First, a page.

Mātṛkā means unknown, unrealized mother. So long as the mystery of Mātṛkā is not realized, she is a source of bondage or limitation. When her mystery is realized, she becomes the source of liberation. – Jaideva Singh, Siva Sutras, p. xxxii

Saptamātṝkāh (Seven Mothers)

Śiva (left) with the Saptamātṝkāh (Seven Mothers): Brahmani, Maheshvari, Kaumari, Vaishnavi, Varahi, Indrani, & Chamunda.

They’re sound syllables, little bits of words and thoughts.1
The Mātṛkās (mothers) were originally believed to be a personification of the seven stars of the the Pleiades cluster/constellation, which resides in the Nakṣatra of Kṛttikā, one of the two Nakṣatras that, according to myth, were said to have helped raise Budha, the son of Candra (the Moon) and Tara (“star”). The reason they are said to have been “unrealized” is because of the hidden truth behind their stories that must be shone. I refer to truth to my sons as the “river of truth,” and when the Truth fails to live, darkness and resistance to the flow of life is created.

Agni and Svaha

Agni and Svaha

Swaha impersonated six of the seven stars, who were once wives of great sages. She did this in an attempt to unite with Agni, whom she desired. Because of his infatuation with the seven stars, he rejected her. But as them, she was at last able to lure and sexually unite with him. She then suppressed his seed so not to allow these wives to be accused of infidelity. The stars, then, were basically unconsenting sperm collectors. This power to withhold, the resulting life of their unions, was too great to suppress. It then spontaneously erupted into a powerful boy named Skanda. With his birth also erupted rumors that he was the son of these wives. Unrealized mothers, as they themselves were unaware of the existence of the child since none of them actually bore Agni’s seed.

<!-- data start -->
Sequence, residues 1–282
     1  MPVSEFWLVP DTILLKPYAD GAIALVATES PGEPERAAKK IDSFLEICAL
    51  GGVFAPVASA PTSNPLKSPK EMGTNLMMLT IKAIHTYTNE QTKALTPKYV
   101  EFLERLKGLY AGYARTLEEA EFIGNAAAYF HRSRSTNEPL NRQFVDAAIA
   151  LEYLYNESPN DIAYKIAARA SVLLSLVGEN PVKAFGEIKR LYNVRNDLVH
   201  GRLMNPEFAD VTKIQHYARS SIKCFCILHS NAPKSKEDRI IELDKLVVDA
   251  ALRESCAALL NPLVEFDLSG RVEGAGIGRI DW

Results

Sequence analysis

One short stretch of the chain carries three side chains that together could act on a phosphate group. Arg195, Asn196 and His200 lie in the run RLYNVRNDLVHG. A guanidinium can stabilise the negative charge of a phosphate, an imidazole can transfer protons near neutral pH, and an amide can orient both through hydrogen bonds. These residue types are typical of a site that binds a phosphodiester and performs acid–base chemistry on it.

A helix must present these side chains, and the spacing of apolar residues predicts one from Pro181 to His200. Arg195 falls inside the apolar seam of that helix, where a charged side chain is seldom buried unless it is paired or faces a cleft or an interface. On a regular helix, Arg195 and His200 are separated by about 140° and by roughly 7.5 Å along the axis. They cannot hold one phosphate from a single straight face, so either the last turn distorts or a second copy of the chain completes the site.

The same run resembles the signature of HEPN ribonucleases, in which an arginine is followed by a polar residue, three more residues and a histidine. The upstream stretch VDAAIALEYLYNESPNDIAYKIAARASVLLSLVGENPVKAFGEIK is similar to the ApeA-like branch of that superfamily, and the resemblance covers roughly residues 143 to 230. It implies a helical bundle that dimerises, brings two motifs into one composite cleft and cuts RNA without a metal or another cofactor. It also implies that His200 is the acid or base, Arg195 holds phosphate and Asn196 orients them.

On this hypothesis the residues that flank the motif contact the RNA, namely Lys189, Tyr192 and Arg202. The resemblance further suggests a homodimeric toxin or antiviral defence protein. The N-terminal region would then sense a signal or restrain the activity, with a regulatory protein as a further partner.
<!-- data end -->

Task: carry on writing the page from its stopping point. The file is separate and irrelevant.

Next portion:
Swaha was only able to take the form of six of the seven sages, so the seventh remained free from this dramatic tale. Despite her husband, Vishvamitra, and his attempt to free the Truth and banishment of the other wives, the other rishis did not listen to reason, were not open to consider Truth, and divorced their wives. These mothers, who had lost control of their chastity to the great Swaha, were in such torment from the ensuing drama and their divorces that they asked child Skanda to elevate them to the celestial, where they remained forever as the six Pleiades.

After this kerfuffle, and Agni’s desires fulfilled, Swaha eventually married Agni. So, although these Mātṛkās (mothers) appear as victims, it’s as if they had been imprisoned by their own ability to feel pleasure, to lose control of the Self and get caught up in the illusion. Emotion, desire, and will are such strong forces here. Passions of the Maya are a powerful way to bring things into this world. When you realize this mystery and understand the truth, you are liberated from its bondage. Although these Mātṛkās were not the true mothers of Skanda, the forms of Swaha that they allowed to form inside them were. Although that’s okay, it did result in their bondage. Perhaps when they realize this they will free themselves, these Mātṛkās.

Indra (masculine consort of Indrani, one of the Saptamātṝkāh), feared what resulted from succumbing to desire (perhaps it it responsible for chaos, which expands, complicates, and leaves too much room for disorder in his web), so he prompted the Mātṛkāh to destroy their creation. Resistant, the mothers were overwhelmed by their love for Skanda that they began to product milk, filling the Milky Way and feeding Skanda. It was then that Kali took Skanda as her own son son. There may be something to be said about the tear between order/restriction and chaos/play and embracing the Maya and the gifts it produces that distinguishes strictness and the accepting nature of Tantra. Through acceptance of emotion, passion, action, will in this world, realization of what the illusion is and then realizing how to act appropriately you free yourself from the bondage of the illusion and experience an enlightened state.

  1. according to Sally Kempton’s Mantra lecture at 50 minutes 30 seconds